Benefactors Hall, Warwick

University of Warwick

Project Value:

£2.9 million

Completion:

2016

Key Points

Creation of self-contained apartments

23 single rooms and 14 duplex studios

Sensitive design to retain original appearance

History

Benefactor’s Hall was constructed using an anonymous American bequest as part of the 1966 university masterplan by architects Yorke, Rosenberg and Mardall. Relatively sophisticated for its period, it contained en-suite study bedrooms, one floor providing single occupancy but with a further level of two storey, twin occupancy rooms. The ground floor had a large common room, latterly used for office accommodation, and in the centre of the building were top-lit lounge and dining areas served by small internal kitchens. After 50 years it had, however, become worn and outdated, and following its feasibility study to explore options, Associated Architects was commissioned to refurbish the building. Independent consultant Hemingway Design has collaborated on the interior design.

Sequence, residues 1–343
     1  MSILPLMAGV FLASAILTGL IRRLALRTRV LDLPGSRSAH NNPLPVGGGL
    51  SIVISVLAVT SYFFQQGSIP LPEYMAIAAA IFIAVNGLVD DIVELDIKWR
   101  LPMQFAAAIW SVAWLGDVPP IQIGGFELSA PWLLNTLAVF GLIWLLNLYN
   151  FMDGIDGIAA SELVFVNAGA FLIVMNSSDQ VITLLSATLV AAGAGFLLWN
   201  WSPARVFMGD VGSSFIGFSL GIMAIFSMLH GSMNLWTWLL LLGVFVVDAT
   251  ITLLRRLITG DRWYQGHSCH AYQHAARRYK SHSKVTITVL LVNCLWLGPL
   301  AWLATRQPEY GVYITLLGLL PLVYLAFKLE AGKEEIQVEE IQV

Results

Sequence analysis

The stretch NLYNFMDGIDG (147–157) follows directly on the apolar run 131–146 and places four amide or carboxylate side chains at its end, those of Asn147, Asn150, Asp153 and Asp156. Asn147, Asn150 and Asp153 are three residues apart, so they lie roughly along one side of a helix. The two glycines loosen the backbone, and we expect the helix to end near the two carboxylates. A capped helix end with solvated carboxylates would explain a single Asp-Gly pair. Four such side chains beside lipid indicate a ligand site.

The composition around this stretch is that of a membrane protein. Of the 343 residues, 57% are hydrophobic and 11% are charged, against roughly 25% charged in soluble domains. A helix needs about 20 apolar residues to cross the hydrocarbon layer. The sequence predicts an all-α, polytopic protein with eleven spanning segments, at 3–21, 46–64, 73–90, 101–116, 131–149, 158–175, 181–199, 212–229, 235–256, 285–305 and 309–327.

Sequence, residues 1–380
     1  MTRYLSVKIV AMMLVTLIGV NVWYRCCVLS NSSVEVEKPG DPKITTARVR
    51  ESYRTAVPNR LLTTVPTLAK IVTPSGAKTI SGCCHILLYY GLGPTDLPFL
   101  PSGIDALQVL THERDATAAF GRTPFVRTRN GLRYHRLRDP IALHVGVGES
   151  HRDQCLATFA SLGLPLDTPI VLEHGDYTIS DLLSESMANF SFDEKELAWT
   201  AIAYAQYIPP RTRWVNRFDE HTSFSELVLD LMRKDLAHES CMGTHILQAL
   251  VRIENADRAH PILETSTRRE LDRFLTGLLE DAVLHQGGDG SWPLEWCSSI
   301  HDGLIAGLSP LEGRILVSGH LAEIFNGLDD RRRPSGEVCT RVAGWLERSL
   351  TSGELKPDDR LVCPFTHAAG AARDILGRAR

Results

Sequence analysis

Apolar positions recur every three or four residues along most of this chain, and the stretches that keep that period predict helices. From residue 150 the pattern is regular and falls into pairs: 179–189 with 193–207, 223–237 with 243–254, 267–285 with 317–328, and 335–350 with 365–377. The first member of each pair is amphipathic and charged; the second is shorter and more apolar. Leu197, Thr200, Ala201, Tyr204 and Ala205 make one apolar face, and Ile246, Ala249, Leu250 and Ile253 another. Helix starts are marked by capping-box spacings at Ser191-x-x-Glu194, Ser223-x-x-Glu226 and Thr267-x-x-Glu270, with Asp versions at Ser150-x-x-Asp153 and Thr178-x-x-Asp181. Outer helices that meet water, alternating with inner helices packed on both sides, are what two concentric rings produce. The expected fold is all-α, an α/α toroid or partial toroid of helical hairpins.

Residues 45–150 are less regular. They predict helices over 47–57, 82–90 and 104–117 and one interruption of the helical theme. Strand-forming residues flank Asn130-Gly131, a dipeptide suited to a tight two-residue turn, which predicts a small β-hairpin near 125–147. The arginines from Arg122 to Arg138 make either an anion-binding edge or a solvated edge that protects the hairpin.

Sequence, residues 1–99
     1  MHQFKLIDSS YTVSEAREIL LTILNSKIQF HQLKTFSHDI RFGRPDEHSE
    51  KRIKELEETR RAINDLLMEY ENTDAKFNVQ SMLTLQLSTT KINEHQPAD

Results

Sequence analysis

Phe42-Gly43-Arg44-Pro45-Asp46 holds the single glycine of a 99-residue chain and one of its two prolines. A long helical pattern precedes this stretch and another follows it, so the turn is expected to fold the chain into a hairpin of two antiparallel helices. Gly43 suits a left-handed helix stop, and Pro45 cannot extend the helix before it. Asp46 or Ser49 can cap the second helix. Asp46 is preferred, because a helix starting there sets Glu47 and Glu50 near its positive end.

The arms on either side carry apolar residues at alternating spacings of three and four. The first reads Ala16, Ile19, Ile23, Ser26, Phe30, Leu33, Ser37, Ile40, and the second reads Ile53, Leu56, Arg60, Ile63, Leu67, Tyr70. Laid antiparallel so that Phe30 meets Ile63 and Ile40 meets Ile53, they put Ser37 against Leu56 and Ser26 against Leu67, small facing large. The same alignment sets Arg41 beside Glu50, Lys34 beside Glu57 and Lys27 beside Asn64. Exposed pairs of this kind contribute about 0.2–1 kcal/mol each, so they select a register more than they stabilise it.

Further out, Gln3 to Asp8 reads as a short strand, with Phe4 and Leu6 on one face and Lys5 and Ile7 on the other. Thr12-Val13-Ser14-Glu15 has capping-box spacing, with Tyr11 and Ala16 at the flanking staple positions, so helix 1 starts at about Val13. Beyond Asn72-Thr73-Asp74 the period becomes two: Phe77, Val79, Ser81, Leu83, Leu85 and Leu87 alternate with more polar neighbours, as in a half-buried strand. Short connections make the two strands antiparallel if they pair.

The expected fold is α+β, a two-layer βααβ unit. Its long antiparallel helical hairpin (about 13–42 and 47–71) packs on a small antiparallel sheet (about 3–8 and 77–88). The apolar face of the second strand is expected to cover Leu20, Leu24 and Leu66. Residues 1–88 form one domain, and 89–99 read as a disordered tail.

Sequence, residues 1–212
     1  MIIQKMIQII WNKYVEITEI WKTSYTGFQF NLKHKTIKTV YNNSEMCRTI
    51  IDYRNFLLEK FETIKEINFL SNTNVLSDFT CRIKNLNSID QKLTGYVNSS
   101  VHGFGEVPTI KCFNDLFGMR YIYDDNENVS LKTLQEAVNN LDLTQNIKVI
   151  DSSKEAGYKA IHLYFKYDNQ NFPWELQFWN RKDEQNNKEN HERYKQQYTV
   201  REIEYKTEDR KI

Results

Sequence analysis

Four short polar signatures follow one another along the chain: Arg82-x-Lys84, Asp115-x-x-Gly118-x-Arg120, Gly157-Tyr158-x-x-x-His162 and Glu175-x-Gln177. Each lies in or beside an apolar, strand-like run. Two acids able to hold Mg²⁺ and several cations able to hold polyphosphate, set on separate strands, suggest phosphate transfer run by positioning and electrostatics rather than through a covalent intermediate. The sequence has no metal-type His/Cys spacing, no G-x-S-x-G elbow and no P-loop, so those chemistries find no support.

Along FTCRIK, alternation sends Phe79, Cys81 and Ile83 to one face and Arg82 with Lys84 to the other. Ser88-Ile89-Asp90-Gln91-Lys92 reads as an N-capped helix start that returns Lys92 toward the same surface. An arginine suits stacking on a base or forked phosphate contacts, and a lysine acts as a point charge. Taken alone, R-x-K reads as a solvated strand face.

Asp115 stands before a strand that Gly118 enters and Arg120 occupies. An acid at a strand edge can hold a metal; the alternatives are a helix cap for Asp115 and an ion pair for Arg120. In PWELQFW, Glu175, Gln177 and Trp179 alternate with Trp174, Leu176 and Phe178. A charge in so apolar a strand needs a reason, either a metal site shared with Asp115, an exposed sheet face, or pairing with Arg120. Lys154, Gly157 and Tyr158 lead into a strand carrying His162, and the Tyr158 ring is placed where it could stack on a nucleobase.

Comprehensive Re-fit

The building was stripped to the shell of internal walls, comprehensively re-fitted and provided with new mechanical and electrical services. The shared, two storey rooms are converted to single occupancy, with kitchens provided on the mezzanines; the one floor of study bedrooms remains as en-suite, with new kitchens and lounges provided in the central top-lit space. In addition a number of self-contained apartments have been created in the upper floor corners, and through the conversion of the former ground floor common room. The accommodation is aimed both at post-graduate students and early stage university teachers, with a correspondingly high standard appropriate for mature residents.

Sensitive Design

The external envelope was originally clad in gazed white tiles; failure of the adhesive had resulted in the building being overclad in metal panels. Allied with the metal framed single glazing, thermal performance was poor. The building has been refinished with external insulation and white render, with high performance double glazing, sensitively designed to retain the building’s original appearance. Integrated brise soleil now prevents overheating in the south facing bedrooms. Energy consumption has been reduced significantly, renewable sources including a connection to the new university CHP system.